Since it has already made the news, let’s go ahead and spoil the film. Toward the end of FX’s “AKA Jane Roe,” we learn that anti-abortion activists used a pile of money and heavy doses of psychological manipulation to convert Norma McCorvey — the actual plaintiff in Roe v. Wade — into a trophy for their cause. The documentary makes for compelling viewing, especially in its final moments, when, McCorvey tells us that, to paraphrase Bob Seger, they used her, she used them, and neither one cared.
In reality, that movement has mistreated millions of other, equally vulnerable women and men in the still-unfolding tragedy of abortion politics in America.
If it seems shocking that the self-appointed defenders of “life” might behave in such a transparently unethical way toward a needy woman with a long history of disadvantage and adversity, well then, let us be shocked. But in reality, that movement has mistreated millions of other equally vulnerable women and men in the still-unfolding tragedy of abortion politics in America.
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“It was written in the ‘Book of Life’ that I’d get stomped on,” McCorvey says at one point in the film. From the moment she was plucked from the rougher margins of white society in the South to stand up for women’s rights everywhere, McCorvey was a convenient vehicle for the needs of political forces well beyond her control. With respect to the anti-abortionists, she’s had the nerve and the opportunity to stomp right back at them with her last-minute revelations. But in order to get a fuller picture of abortion politics in America, you have to look around the edges of McCorvey’s story.
A good place to start is with the missing years that come right after the Supreme Court’s crucial Roe v. Wade decision. After just a few clips on that 1973 verdict, the documentary quickly fast forwards to anti-abortion activism in 1984 and beyond. Why? Because long before the religious right turned Jane Roe into a paid actor-advocate, the movement had successfully concocted and sold a fiction about the place of Roe v. Wade in history.
When Roe v Wade was decided in 1973, Protestant leaders by and large welcomed the decision. W. Barry Garrett, Washington bureau chief of the Baptist Press, a wire service run by the Southern Baptist Convention, wrote, “Religious liberty, human equality, and justice are advanced by the Supreme Court abortion decision.” Garrett’s position wasn’t exceptional. The 1971 convention of the Southern Baptists endorsed a resolution that allowed abortion to preserve the “emotional, mental, and physical health of the mother,” as well as in other instances.
Republican political leaders, too, generally reacted favorably. In 1967, as California Gov. Ronald Reagan signed the most liberal abortion law in the country, Arizona Sen. Barry Goldwater, known as a great conservative hero, articulated support for abortion rights, at least early in his career. Goldwater’s wife, Peggy, was an early mover behind Planned Parenthood. Betty Ford hailed Roe v. Wade as a “great, great decision.”
But then, in the late 1970s and early 1980s, leaders of a reactionary political movement that called itself the “New Right,” which included Heritage Foundation co-founder Paul Weyrich, Southern Baptist televangelist Jerry Falwell and others, came together to develop a common political strategy. Initially at least, their concerns centered in part on a fear that the IRS would eliminate the tax advantaged status of segregated academies. But they realized that this issue might not be sufficient to inspire a broad-based conservative counterrevolution. They evaluated a list of other concerns — prayer in schools or beating down the Equal Rights Amendment seemed like strong choices — but when they got to abortion, a lightbulb clicked on.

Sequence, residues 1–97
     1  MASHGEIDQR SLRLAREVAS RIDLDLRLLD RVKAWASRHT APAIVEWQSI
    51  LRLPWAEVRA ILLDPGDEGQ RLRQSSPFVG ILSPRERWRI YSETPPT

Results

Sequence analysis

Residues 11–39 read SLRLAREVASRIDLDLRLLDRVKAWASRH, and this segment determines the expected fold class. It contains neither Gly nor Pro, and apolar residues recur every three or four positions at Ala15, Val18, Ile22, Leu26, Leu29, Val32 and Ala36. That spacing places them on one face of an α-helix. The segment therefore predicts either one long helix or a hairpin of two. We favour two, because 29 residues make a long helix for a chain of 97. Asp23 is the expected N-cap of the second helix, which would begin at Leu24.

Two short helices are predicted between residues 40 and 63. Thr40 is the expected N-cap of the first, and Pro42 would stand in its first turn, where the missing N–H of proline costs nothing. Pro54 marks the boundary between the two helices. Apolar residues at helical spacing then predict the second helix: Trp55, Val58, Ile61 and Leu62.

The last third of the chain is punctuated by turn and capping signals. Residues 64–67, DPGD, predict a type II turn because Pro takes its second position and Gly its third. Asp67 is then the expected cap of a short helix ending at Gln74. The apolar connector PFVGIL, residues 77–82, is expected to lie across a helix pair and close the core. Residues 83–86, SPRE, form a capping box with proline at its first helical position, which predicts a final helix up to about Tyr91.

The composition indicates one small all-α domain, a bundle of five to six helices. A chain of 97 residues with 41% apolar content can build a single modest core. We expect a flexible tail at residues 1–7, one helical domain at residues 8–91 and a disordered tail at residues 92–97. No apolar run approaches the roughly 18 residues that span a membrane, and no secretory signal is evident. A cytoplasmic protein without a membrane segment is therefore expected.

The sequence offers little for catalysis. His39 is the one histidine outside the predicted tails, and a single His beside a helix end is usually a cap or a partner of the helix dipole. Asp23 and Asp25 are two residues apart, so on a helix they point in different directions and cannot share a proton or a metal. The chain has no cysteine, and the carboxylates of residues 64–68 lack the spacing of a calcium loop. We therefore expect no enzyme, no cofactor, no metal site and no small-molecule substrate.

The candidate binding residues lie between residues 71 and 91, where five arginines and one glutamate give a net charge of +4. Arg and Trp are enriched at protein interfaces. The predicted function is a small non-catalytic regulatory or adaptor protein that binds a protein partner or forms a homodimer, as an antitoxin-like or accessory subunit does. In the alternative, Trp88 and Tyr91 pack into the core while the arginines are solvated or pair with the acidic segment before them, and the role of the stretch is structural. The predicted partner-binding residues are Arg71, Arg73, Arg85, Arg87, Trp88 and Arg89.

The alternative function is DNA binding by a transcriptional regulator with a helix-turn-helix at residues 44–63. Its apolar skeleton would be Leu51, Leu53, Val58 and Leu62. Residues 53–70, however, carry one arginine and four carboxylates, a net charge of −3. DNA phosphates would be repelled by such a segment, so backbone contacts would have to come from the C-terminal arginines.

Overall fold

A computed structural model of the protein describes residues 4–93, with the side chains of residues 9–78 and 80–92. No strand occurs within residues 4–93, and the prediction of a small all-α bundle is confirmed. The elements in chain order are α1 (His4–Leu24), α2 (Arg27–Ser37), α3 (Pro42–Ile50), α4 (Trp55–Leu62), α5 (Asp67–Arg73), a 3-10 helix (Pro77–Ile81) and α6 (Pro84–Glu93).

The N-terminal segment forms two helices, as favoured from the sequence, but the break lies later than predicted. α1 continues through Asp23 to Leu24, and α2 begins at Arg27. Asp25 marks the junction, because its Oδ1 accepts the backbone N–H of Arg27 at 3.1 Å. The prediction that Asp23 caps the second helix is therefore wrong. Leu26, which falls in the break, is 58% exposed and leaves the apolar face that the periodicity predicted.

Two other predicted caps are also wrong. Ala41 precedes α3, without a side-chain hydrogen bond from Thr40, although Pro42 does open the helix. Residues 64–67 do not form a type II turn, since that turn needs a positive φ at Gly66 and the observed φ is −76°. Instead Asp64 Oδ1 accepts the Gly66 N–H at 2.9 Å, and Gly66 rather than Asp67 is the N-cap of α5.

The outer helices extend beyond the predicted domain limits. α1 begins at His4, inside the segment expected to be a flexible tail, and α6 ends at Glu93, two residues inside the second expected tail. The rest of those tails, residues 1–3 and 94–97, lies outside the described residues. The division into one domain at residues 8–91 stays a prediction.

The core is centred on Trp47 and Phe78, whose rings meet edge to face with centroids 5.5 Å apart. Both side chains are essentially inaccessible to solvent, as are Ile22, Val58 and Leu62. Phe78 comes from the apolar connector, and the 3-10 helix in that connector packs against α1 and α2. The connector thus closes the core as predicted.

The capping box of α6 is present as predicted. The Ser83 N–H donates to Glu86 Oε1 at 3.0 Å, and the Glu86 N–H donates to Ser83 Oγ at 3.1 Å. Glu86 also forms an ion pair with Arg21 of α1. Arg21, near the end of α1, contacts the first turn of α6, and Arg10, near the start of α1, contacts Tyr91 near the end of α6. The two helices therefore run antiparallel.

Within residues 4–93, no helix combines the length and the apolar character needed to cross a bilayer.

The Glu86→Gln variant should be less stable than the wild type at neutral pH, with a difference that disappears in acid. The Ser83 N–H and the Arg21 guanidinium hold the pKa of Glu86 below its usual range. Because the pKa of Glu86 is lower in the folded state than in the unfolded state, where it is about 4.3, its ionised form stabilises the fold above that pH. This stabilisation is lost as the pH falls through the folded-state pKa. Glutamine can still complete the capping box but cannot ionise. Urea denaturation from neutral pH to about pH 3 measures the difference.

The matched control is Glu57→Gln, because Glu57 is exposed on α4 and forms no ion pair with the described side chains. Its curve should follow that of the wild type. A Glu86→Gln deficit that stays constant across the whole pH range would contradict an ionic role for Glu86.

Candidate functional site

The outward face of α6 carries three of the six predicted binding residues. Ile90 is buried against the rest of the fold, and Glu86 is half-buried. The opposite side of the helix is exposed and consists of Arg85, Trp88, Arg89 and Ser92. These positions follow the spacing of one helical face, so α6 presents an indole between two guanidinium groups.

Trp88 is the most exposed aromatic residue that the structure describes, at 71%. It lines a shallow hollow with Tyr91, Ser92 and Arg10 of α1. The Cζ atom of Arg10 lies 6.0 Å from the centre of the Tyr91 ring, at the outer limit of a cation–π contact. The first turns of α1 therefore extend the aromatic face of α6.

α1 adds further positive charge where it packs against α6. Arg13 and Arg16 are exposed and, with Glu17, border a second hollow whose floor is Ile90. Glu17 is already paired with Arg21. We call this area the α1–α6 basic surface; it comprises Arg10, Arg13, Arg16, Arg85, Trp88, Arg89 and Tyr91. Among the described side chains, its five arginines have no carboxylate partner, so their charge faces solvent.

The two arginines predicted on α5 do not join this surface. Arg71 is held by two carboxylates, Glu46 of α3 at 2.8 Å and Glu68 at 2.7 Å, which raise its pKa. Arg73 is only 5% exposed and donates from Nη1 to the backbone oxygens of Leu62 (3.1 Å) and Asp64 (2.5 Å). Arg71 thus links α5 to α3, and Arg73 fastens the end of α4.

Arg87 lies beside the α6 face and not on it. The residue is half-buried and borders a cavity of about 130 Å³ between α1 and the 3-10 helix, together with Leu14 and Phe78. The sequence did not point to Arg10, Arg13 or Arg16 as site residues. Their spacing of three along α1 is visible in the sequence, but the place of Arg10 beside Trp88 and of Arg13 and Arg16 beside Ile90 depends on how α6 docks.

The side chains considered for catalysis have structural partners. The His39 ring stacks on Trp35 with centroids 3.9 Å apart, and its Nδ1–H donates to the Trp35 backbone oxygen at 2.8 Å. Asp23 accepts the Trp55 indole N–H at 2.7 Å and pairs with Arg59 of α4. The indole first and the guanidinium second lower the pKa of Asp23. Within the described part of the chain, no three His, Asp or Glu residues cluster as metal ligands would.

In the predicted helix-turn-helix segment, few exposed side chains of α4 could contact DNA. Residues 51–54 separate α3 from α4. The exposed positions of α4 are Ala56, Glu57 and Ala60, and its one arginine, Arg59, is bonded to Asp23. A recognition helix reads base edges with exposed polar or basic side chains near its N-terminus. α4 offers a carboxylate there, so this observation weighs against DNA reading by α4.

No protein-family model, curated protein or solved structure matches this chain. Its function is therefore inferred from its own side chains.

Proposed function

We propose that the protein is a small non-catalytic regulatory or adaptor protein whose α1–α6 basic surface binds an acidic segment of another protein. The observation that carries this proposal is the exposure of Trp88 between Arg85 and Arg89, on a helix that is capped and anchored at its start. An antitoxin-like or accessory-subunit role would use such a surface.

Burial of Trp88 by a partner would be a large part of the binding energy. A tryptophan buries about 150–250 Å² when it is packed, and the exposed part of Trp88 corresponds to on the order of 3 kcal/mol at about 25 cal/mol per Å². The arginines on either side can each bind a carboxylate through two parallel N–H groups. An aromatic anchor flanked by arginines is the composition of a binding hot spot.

They evaluated a list of other concerns — beating down the Equal Rights Amendment seemed like the natural choice — but when they got to abortion, a lightbulb clicked on.
One of the great attractions of abortion was that it would at long last unify conservative Protestants and conservative Catholics. Which brings us to another silent part of the “AKA Jane Roe” documentary. At a certain point in the film, the viewer may notice that McCorvey starts showing up in the company of Catholic priests as well as born-again evangelical preachers. During her own born-again (or was it paid-again?) phase of life, McCorvey is heard declaring, in the same sentence, that she is “a born-again Christian and a faithful Catholic.” That conflation of two very separate Christian traditions illustrates just how effective the politicization was in transforming the very character of American religion.
To be religious, according to the new dispensation, was to be pro-life. As leaders of the emerging movement knew, if you can get large numbers of people to vote on a single, binary issue, you can control their votes. And you can call the politicians benefitting from those votes “pro-family,” even as they promote social and economic policies that intensify inequality, hollow out public goods like health care and education, and make it so hard for working families to succeed.
In a curious moment toward the end of “AKA Jane Roe," as we see McCorvey watching the returns from the 2016 election, she expresses shock and dismay at Donald Trump’s victory. She seems only distantly aware of her own part in the political drama. Yet her story is just a symptom of the politics of the movement. The religious right worked to convince McCorvey that abortion was the great defining evil of our time. Then they used her story to try to push the same line on other vulnerable Americans. In the end, the real consequence has been to drive their votes to a political party that appears not to care about them at all.